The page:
Level 1 (Early Years)

  • Immunological and Inflammatory Disease – Infant Allergy, Atopic Eczema
  • Infectious Disease – Conjunctivitis, Childhood Infections, Vaccinations
  • Cancer – Leukaemia
  • Special Topics – Pregnancy, Breastfeeding and Drugs, Blood and Anaemia

Level 2 (Young Adults)

  • Immunological and Inflammatory Disease – Asthma, Hay Fever, Contact Dermatitis
  • Infectious Disease – STD
  • Cancer – Testicular Cancer, Ovarian Cancer
  • Special Topics – Accidents and Emergency, Critical Care
  • Degenerative and Genetic Disease – Cystic Fibrosis
  • Central Nervous System – Schizophrenia, ADHD, Drug and Alcohol Abuse, Epilepsy, Drugs in Sport
  • Metabolic and Endocrine Disease – Type 1 Diabetes, Contraception, Fertility, Thyroid

Level 3 (Middle Aged)

  • Immunological and Inflammatory Disease – Inflammatory Bowel Disease, RA, Psoriasis, Chronic Obstructive Pulmonary Disease
  • Infectious Disease – Urinary Tract Infection, Upper Respiratory Tract Infection, Peptic Ulcer Disease and Gastro-Oesophageal Reflux Disease
  • Cancer – Breast Cancer, Gastrointestinal Cancer
  • Special Topics – Travel, Neonatal Care
  • Degenerative and Genetic Disease – Men’s Health, Huntington’s, Musculoskeletal (OA/Pain), Incontinence
  • Central Nervous System – BAD, Anxiety and Depression
  • Metabolic and Endocrine Disease – Type 2 Diabetes, Gout, Addison’s, Lipid Disorders, Menopause, Liver and Nutritional Diseases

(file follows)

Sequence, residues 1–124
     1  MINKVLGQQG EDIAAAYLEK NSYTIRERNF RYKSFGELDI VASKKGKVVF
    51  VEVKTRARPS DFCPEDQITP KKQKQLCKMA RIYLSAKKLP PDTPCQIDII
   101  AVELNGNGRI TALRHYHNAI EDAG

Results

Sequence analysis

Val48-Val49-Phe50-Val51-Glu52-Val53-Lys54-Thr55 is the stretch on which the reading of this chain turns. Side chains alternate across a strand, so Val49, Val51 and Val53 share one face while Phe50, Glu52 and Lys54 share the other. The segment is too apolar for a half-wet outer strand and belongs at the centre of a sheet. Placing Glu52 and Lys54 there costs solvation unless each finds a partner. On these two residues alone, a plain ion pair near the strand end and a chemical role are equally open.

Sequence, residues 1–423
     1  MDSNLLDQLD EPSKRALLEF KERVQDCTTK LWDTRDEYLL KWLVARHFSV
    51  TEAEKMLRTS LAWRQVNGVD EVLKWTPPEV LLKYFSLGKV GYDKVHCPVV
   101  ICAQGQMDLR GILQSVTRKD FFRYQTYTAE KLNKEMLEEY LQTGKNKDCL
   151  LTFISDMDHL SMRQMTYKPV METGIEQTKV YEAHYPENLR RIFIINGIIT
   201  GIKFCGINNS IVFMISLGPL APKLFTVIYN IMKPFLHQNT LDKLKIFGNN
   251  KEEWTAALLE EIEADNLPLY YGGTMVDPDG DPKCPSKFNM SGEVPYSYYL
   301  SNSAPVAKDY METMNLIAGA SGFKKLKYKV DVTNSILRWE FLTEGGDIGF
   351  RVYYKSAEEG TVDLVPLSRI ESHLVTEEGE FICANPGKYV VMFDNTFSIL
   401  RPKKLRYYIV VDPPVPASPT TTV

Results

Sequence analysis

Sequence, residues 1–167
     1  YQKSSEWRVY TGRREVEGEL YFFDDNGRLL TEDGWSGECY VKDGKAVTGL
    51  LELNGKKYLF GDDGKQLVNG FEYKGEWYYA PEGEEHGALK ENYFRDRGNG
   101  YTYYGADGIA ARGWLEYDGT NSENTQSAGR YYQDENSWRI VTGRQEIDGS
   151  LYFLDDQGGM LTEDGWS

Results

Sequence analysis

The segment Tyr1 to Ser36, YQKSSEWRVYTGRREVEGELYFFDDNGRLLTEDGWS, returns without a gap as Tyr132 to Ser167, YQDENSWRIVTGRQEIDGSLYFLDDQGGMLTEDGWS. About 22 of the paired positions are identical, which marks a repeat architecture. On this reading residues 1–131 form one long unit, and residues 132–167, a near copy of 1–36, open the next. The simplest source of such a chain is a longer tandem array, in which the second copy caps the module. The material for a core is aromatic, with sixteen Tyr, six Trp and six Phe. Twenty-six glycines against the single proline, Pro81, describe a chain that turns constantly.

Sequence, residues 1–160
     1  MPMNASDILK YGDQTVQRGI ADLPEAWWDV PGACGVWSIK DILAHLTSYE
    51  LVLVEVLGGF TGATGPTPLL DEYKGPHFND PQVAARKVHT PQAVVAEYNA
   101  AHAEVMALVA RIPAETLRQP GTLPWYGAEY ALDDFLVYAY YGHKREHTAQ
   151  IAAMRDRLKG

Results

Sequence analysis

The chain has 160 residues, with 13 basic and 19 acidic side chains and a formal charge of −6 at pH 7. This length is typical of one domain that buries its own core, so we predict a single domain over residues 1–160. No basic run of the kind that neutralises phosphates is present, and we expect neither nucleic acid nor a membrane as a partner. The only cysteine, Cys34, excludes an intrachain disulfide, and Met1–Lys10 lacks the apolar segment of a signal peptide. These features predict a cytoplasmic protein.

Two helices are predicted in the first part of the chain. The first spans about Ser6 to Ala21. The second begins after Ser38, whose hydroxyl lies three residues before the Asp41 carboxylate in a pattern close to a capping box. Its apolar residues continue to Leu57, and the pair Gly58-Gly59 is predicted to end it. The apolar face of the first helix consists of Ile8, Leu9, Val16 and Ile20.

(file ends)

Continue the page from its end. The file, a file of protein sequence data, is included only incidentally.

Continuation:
• Vascular Disease – Hypertension, Ischaemic Heart Disease, Stroke, AF

Level 4 (Twilight Years)

  • Infectious Disease – Pneumonia, Influenza
  • Cancer – Lung Cancer, Prostate Cancer
  • Special Topics – Palliative Care
  • Degenerative and Genetic Disease – Parkinson’s Disease
  • Central Nervous System – Insomnia, Alzheimer’s
  • Metabolic and Endocrine Disease – Osteoporosis
  • Vascular Disease – Congestive Heart Failure, Deep Vein Thrombosis, Chronic Kidney Disease.

The course is taught through integrated learning sessions, workshops and tutorials, laboratory and physiology practicals, group tutorials, problem-based learning, placements, and health promotion activities in the community. Students may also have the opportunity to work with patients in our consultation rooms.

The MPharm provides a structured placement programme over all 4 years in community and hospital pharmacies, GP practices, and a variety of others locations including hospices, critical care, and a mental health trust.

What You Need to Know

We want you to have all the information you need to make an informed decision on where and what you want to study. To help you choose the course that’s right for you, we aim to bring to your attention all the important information you may need. Our What You Need to Know page offers detailed information on key areas including contact hours, assessment, optional modules, and additional costs.